Noxious Odor from Steam Radiator

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  #1  
Old 02-11-04, 05:58 AM
Maintenance Nun
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Unhappy Noxious Odor from Steam Radiator

Our building (circa 1939)has steam radiators. I recently moved temporarily into one of the bedrooms and when the heat turned on a strong smell (akin to diesel fumes) came out of the radiator. There is also leaking near the valve of the radiator (slight wetness with the wood floorboard discolored). Our maintenance men tightened the valve but the leaking continues, as does the smell.

Does anyone have any clues as to what might be happening? Thanks much!
 
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Old 02-11-04, 07:04 AM
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More info . Is this a very big boiler? Is it oil fired? have they worked on it of late? Has it ever have a crack in it. Do you know what psi it works at? Any info help. ED
 
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Old 02-11-04, 08:49 PM
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If a main steam vent isn't working somewhere in the main that feeds your radiator, you may have much more air than normal coming out of your vent. That could be why you have the odor. It could also account for the water leak. There should be very little water there and no pressure at all. If a main vent is bad, you will have too much water in the line and more velocity than normal.
 
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Old 02-13-04, 02:42 PM
imjerry
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The Smell of Stagnant Steam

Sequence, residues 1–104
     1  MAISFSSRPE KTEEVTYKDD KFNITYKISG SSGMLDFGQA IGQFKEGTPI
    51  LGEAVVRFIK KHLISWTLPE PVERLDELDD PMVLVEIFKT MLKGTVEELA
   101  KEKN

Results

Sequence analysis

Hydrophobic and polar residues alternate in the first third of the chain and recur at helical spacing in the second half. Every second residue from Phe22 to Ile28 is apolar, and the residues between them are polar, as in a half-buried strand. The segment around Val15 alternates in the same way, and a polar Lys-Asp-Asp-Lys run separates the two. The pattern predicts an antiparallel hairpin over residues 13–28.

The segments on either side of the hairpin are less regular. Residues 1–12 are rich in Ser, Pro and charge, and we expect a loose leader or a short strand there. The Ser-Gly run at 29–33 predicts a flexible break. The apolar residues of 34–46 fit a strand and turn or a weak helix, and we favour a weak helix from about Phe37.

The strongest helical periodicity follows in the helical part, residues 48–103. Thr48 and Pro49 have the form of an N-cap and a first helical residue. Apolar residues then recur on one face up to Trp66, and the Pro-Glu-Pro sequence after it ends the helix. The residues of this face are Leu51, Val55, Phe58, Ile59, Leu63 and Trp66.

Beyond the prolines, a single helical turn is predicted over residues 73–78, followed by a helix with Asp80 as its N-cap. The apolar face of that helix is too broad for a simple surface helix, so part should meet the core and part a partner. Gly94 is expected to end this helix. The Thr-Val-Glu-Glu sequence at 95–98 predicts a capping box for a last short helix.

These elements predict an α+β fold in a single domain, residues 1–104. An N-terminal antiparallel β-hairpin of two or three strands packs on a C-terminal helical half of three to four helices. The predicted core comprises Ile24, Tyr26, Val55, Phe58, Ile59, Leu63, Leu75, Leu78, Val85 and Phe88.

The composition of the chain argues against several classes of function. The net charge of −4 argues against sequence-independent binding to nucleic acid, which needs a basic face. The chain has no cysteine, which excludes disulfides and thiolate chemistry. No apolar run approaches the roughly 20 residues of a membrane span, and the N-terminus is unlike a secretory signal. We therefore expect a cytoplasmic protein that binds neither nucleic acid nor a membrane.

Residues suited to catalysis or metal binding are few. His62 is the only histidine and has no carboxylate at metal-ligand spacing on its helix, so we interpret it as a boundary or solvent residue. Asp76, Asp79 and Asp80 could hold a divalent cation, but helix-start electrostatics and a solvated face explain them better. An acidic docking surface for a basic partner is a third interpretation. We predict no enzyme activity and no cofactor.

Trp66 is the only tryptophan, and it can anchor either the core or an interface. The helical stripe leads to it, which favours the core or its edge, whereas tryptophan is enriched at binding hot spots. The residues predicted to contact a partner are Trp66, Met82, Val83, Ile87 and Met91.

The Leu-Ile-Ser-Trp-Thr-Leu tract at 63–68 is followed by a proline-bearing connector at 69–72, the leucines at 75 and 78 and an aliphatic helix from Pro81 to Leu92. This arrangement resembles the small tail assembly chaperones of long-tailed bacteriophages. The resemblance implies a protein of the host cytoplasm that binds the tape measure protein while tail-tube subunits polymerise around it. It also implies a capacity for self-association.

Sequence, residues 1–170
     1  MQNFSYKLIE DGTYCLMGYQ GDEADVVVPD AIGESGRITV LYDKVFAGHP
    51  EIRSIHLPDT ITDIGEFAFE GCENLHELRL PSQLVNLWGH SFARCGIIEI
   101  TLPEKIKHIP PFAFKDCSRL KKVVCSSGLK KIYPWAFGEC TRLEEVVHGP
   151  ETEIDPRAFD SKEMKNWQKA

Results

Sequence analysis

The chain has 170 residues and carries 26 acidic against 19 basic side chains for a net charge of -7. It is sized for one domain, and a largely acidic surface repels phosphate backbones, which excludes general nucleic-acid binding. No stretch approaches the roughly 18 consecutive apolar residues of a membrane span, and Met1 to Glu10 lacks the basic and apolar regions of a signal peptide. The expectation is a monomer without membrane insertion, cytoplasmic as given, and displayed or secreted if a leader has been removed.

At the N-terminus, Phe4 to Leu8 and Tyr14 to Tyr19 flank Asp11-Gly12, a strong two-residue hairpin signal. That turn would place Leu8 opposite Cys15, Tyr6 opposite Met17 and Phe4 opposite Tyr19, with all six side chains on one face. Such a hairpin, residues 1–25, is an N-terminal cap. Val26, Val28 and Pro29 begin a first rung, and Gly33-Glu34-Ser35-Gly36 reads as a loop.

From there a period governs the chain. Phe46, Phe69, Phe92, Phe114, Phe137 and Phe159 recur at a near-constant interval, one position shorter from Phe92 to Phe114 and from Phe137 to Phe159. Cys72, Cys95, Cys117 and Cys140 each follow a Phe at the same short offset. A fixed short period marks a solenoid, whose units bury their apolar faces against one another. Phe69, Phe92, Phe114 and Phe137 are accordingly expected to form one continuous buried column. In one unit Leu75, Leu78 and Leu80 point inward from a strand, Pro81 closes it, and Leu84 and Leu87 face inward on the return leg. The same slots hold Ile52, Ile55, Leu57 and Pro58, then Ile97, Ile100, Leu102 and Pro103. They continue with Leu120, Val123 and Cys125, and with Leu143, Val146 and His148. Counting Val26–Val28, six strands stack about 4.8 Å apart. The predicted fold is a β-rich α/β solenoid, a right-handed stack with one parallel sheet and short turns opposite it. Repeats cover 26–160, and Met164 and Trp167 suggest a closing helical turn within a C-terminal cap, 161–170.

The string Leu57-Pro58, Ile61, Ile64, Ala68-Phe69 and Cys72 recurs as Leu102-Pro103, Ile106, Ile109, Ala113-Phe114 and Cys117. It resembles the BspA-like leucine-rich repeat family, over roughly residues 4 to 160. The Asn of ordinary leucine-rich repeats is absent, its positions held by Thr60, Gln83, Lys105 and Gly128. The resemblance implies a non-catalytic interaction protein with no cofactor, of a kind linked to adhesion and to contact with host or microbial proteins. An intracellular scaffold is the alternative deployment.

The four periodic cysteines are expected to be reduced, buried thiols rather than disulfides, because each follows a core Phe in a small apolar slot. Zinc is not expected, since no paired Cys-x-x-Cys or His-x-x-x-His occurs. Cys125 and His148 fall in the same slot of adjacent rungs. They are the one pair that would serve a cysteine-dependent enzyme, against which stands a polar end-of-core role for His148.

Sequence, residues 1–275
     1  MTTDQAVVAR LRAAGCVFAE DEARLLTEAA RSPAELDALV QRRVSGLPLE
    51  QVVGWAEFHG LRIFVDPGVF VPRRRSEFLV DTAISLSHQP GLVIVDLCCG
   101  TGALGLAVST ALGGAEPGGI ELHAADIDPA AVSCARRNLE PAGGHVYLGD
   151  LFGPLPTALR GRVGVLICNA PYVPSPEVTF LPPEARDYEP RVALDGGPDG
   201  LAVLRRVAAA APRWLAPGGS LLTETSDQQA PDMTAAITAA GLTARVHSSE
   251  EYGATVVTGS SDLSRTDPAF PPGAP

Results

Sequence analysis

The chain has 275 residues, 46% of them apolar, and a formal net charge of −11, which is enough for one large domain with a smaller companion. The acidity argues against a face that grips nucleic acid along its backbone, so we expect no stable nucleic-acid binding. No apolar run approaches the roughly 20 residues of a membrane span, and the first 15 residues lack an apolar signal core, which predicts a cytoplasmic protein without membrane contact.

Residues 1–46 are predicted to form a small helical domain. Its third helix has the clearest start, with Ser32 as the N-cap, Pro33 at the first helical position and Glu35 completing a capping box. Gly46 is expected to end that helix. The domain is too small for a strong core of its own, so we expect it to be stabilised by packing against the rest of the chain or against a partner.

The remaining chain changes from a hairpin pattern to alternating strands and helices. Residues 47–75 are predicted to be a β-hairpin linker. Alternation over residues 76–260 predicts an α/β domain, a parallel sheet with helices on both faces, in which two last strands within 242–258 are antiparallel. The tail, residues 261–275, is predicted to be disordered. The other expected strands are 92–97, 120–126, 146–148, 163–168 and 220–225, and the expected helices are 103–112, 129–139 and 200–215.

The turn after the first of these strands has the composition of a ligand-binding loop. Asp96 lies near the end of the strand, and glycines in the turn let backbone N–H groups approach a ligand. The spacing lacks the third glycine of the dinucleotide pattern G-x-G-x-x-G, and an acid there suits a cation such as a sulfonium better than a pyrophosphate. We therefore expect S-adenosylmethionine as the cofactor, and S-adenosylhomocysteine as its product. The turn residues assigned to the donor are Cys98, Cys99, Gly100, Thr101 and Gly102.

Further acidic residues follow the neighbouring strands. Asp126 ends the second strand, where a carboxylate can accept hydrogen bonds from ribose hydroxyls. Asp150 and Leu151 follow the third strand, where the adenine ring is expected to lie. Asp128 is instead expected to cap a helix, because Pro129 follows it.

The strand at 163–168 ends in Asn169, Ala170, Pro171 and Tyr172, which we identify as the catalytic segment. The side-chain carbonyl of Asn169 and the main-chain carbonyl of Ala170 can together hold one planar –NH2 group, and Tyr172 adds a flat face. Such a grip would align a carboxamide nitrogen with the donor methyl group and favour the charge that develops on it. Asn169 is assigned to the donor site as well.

Condensate very often resembles the smell of Diesel Fuel, Why I dont know, just is!!! Many times in taking out an old radiator, that Noxious odor is emitted!! Smelled it many times and was told by an old time steamfitter that it was carryover from Boiler compound!!! But I have smelled it !!!
 
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Old 02-15-04, 07:11 AM
H
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dirty boiler

this could just be a dirty boiler in which the workers put on a piece of new pipe and the thread cutting oil residue was still on the pipe. This gets into the water along with other stuff in the pipe coating that will come off with steam during the cycle. Very few heating people take the time to properly clean up the boiler BEFORE the first run. You may have to drain the whole system and replace the water several times, or may even have to skim the boiler. This is usually seen when the boiler is running and you can see the boiler surge in the sight glass, or if it takes more than 45 minutes to produce a head of steam from a cold boiler.
 
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